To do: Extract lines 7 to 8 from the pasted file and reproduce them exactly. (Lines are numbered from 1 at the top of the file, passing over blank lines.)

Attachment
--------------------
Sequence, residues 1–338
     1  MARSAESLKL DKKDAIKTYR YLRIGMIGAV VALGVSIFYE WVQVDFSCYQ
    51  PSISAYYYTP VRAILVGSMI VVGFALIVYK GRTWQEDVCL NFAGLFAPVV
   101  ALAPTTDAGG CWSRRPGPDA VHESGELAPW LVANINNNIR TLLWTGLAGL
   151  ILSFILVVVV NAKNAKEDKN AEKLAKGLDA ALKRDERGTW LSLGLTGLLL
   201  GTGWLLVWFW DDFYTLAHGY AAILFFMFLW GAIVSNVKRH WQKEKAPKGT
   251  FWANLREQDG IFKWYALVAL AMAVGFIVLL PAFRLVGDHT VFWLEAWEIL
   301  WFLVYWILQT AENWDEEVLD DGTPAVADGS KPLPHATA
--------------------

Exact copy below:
   251  FWANLREQDG IFKWYALVAL AMAVGFIVLL PAFRLVGDHT VFWLEAWEIL
   301  WFLVYWILQT AENWDEEVLD DGTPAVADGS KPLPHATA